Cityscape History & Culture

Life at 10, Sullivan Street

Charu's santhome house   | Photo Credit: mail pic

An old Portuguese settlement, Santhome, near the beach, with its majestic cathedral, the basilica where St Thomas’ remains are believed to be interred, was our home. Families with names like Saldanha , de Costa, Vaz, Dray , Green and Kenny were common in our small locality. A mix of Indo-Portuguese and Anglo-Indian families lived in the area. Our family was the odd one out. My siblings and I went to the nearby Rosary Matriculation and St Bede’s schools and followed both Christian and Hindu tenets. In fact, my brother attended midnight mass at the cathedral for Christmas and new year, and regularly feasted on Anglo-Indian specialities like dhol dhols and konjee.

In December, young men with guitars would come visiting our house to sing carols. With the sea breeze as the background, it was heavenly.

Mr. and Mrs. Green and Mr. and Mrs. Dray were genteel English couples, who lived in British-style mansions. Afternoon tea was served in English China accompanied with buttered scones and fruit cakes and laid out on tables covered with white lace-bordered cloth. The women dressed in long gowns and wore lovely hats when they went out.

In many Santhome houses, one could hear the sounds of the piano and the guitar. Even in school, we had choirs. Once in a way, a group was taken by our Irish headmistress sister Teresa Xavier to AIR, where the ace pianist, the late Handel Manuel, accompanied us. In fact, my first performance was a western music presentation.

Our bungalow had no fans; the sea breeze kept us refreshed day and night. We slept in the wide verandahs. A Portuguese lady, Ms Lazaro, a midwife, brought me into this world. She lived opposite the church, in a cosy bungalow next to the elegant building of the Santhome post office. These European structures lent a quaint touch to the landscape. Sitting upright in a hand-pulled rickshaw, Ms. Lazaro would pass our house, to attend to delivery calls.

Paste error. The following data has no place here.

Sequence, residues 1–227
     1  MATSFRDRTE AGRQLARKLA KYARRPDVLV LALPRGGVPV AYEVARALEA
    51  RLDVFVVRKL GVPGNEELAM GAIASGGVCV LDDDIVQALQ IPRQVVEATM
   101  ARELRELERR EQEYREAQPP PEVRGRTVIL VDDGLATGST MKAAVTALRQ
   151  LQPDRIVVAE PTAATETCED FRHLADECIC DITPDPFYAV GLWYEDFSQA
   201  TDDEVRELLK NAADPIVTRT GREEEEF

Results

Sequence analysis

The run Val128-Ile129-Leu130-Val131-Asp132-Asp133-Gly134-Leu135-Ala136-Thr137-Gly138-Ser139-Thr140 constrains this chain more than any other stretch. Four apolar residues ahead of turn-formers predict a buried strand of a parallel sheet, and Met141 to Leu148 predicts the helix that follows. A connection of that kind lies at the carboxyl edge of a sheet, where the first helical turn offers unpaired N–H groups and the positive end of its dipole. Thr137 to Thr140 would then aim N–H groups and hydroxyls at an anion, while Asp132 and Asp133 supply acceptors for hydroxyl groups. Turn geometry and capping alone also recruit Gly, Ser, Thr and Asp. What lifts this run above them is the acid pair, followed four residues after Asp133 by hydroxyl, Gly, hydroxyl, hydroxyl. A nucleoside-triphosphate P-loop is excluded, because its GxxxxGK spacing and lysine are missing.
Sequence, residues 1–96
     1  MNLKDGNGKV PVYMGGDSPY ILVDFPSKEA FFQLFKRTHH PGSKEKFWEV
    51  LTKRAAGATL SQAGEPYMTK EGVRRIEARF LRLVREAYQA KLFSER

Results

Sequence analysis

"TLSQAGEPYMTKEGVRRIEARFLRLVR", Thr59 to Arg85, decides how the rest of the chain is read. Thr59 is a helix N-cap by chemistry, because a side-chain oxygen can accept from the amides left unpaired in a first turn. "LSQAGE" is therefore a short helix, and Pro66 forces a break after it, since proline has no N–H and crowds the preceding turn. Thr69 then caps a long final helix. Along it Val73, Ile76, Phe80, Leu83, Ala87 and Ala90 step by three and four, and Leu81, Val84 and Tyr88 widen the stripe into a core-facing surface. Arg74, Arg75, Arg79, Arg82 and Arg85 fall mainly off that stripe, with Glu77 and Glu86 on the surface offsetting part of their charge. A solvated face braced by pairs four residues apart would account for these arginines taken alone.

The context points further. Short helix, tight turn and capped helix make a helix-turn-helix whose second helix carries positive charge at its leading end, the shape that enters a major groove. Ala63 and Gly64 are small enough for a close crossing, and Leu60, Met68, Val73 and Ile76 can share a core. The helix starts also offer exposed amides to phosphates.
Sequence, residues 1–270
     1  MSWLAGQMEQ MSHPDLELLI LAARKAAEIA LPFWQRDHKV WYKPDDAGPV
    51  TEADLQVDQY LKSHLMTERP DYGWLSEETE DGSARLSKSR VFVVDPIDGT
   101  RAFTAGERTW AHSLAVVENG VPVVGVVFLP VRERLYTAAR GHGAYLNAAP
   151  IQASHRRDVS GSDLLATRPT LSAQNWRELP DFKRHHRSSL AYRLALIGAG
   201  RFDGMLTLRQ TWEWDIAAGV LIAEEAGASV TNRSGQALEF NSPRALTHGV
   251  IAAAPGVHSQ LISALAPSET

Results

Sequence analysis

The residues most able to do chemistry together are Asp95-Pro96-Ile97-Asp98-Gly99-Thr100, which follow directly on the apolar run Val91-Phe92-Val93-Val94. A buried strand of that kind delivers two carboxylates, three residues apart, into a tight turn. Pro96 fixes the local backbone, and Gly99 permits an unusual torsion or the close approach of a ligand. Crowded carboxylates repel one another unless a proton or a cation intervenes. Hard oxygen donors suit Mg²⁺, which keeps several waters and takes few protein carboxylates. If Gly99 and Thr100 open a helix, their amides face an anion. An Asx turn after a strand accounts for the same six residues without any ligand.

Our lives were guided by the church bells that rang every hour. The trilling Angelus was heard early in the morning and in the evening. Mother’s Feast and the Grand Fancy Fete were two events we students looked forward to. When I was around ten, Queen Elizabeth and the Duke’s visit to Madras created excitement for us. Bhavani teacher trained many of the students to perform the Kolattam. Months were spent in practice. Imagine being part of a group of 500 and dancing in front of the Queen!

In Santhome, life was laidback. We had a number of friends and classmates as neighbours. We went for long walks on the Marina. Leisure was spent learning Carnatic music and Bharatnatyam from teachers who would come home on bicycles and enjoy tiffin and filter coffee served by my mother.

Going to watch films at Star, Odeon, Midland, Gaiety, Chitra, and attending music, dance performances or plays of Sivaji Ganesan and R. S. Manohar kept us entertained. Sunday mornings were reserved for special screenings of Bengali films. Congress exhibitions as well as Christmas shopping at Spencer’s were annual must-dos.

I have sweet memories of 10, Sullivan Street, Santhome, especially the visits by legendary musicians like Bade Ghulam Ali Khan, Gangubai Hangal, Pandit Ravi Shankar, Semmangudi Srinivasa Iyer, and Veena Balachandar.

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Printable version | Mar 6, 2021 3:33:31 AM | https://www.thehindu.com/features/friday-review/history-and-culture/charumathi-ramachandran-talks-about-spending-her-childhood-in-the-quaint-santhome-neighbourhood/article6363039.ece

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